Having meaningful conversations about your funding approach
The Shears Foundation have signed up to our eight commitments for open and trusting grant–making. They join us as one of our #FlexibleFunders to share their experience of our first Community of Practice and their key takeaways:
The Shears Foundation Approach
The Shears Foundation is a family foundation, set up in 1994, which makes grants of around £600,000 to £700,000 each year, mostly in the North East of England.
When I first heard about IVAR’s #FlexibleFunders call to action for open and trusting grant-making, there was an immediate appeal. The Shears Foundation is founded on principles of trust and mutual understanding between us and those we are helping to support. As a family foundation with a board of committed trustees, we are in an ideal position to be flexible, agile and take a degree of risk. Our philosophy is that we can be an effective funder through:
HAVING MEANINGFUL CONVERSATIONS > BUILDING RELATIONSHIPS > ESTABLISHING TRUST
In fact, the reaction from some of our trustees when I proposed that we should take the pledge and sign up can be illustrated with this one response:
“I think we are already doing everything we can, in the best possible way”.
After some discussion, we agreed that joining IVAR’s Community of Practice would give us a great opportunity to further develop what we do, hear about others’ best practice, and also share our own experiences in a cooperative and collaborative forum.
This ties in with my own philosophy and that of the Shears Foundation’s founders: it is vital for any organisation to adapt and improve through self-evaluation and continuous improvement. Hearing and learning from what others do is a key component of this.
In this blog, I’d like to share my experience of attending the first Community of Practice online event in April 2021.
The Community of Practice
I wasn’t sure what to expect from the first online meeting, apart from a warm welcome. What struck me straight away was the range of attendees: large and medium-sized family trusts and foundations; place-based funders; national funders; funders with interest in a particular field or theme; CVS’s and Community Foundations were all in attendance. The beauty of this was a diverse range of perspectives and challenges that were discussed in moving closer to the eight commitments.
What was particularly interesting were the lessons learnt by funders from the Coronavirus pandemic. Many of the participants recognised that the groups that they supported had to adapt, change and think on their feet, almost overnight in March 2020. Funders overwhelmingly recognised that they had a responsibility to match the adaptability, resourcefulness and agility of their grantees.
Funders had employed several important strategies in response, proving that we can work more flexibly. Strategies included automatically unrestricting grants, allowing delays and repurposing of grants for project funding, and accelerating and simplifying application processes.
Most importantly, there seemed to be a common thread: as funders we needed to value what a charity/beneficiary achieves, not how they achieve it.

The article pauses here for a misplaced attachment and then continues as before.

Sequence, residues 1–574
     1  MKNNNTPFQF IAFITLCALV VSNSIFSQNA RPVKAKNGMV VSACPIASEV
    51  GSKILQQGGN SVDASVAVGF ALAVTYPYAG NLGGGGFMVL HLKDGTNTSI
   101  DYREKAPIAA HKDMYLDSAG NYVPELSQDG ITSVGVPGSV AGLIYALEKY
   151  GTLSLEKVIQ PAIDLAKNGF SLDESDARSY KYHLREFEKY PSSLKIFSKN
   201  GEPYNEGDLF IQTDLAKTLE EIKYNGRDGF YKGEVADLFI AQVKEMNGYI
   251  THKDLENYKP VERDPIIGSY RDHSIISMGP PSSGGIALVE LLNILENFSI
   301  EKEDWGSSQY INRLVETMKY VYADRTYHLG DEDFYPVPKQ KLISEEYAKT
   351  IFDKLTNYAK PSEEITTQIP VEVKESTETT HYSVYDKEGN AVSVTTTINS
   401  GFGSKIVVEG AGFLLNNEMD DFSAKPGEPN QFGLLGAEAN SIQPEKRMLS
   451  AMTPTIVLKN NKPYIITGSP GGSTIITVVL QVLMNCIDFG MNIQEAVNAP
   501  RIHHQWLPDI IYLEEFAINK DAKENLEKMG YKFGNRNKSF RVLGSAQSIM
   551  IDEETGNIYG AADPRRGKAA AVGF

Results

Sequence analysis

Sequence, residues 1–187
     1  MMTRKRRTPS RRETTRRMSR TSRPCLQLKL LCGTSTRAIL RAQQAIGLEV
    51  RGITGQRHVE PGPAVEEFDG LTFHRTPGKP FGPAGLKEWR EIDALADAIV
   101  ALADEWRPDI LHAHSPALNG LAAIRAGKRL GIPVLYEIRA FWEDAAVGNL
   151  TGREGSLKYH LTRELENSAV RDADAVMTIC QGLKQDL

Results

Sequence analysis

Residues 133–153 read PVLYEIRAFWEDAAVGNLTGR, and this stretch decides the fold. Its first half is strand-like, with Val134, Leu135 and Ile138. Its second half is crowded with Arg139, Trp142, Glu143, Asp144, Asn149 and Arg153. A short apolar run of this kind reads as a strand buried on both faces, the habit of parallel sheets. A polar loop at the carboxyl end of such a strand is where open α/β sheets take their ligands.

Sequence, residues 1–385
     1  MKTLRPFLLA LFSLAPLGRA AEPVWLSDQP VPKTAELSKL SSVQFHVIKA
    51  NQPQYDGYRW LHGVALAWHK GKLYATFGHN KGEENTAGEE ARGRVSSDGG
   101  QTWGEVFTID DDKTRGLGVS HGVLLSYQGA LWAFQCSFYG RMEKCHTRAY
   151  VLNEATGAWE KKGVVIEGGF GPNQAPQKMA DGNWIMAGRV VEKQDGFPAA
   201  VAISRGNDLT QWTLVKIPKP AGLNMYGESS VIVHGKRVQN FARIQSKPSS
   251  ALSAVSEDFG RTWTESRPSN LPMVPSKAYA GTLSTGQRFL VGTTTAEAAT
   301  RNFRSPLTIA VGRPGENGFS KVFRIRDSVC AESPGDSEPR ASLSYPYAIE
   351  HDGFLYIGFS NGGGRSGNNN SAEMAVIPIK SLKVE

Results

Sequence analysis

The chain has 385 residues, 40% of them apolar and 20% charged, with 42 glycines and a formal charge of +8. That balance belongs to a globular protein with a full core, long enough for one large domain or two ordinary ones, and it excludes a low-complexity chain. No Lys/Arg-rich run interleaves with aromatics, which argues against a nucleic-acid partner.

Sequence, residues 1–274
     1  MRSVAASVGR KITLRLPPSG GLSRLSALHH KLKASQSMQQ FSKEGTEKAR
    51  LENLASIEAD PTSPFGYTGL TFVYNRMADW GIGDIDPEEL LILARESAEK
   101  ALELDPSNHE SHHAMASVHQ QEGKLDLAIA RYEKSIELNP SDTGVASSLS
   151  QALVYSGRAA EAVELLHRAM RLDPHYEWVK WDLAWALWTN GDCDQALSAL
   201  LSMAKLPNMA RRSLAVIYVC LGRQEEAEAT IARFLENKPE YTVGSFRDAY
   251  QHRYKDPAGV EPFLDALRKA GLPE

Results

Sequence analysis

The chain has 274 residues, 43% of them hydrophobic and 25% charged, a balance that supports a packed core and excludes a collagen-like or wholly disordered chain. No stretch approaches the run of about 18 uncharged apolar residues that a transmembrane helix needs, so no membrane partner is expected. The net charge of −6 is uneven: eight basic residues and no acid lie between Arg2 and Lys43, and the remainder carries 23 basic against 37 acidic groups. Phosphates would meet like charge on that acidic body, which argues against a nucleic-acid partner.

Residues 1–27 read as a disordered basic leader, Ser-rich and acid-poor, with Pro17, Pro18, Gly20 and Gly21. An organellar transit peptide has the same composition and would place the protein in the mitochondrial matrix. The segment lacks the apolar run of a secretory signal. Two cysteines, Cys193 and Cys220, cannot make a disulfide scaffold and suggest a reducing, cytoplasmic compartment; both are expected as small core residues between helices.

Another key takeaway was to recognise the need for unrestricted funding and trust our grantees to know the best way to spend funds to achieve their goals. We currently offer core funding for funding a particular role / paid position or perhaps a specific non-project aspect of running costs. However, this isn’t truly ‘unrestricted’, and this is a discussion I’d like the trustees to have at our Annual General Meeting (AGM).
It was clear that the organisations attending were at different stages of their learning journey to being more open and trusting in their grant-making.
The session provided the ideal introduction, with open and honest discussion, respect for differing viewpoints and a positive and optimistic atmosphere.
I’m looking forward to being part of this as time goes on and incorporating insights into our practice.
One thing we could improve is getting feedback from the groups and charities we support on how we work. It’s something that we will be building into our processes in future.
However, I was asked to make a presentation recently on how we had responded to the Coronavirus pandemic. I wanted to get some “quick and dirty” feedback and asked 25 of our recent grant recipients (a mix of groups we’ve known for years and some new to us) to honestly describe our relationship in just three words.
The word cloud above shows we have the basis we need to build even more open and trusting grant-making in the future.
The biggest challenge for The Shears Foundation
We are fortunate to have a strong board with different backgrounds and wide-ranging attitudes to risk. I think balancing this range of perspectives and settling on an agreed attitude to risk is our next step, but it could be a challenge going forward.
In the words of one of our trustees:
“My only query would be in relation to commitment 3: accepting risk. I was just wondering how this squares with our duties as trustees and in relation to what the Charity Commission expects from us. I know that every grant we approve comes with a degree of risk, and I’m sure in practice, we would continue to assess each application with the same degree of rigour. But if this initiative is successful, I wouldn’t want it to evolve into something binding that might clash with our own due diligence processes.”
What is clear is that sharing experience, practice and solutions with others through this group will really inform how we approach this challenge and others in the future.
How to get involved
You can find out more about open and trusting grant-making at our Flexible Funders webpage, including how to sign up to our Community of Practice. For more details or to share your own Flexible Funders story with us, please contact email@example.com
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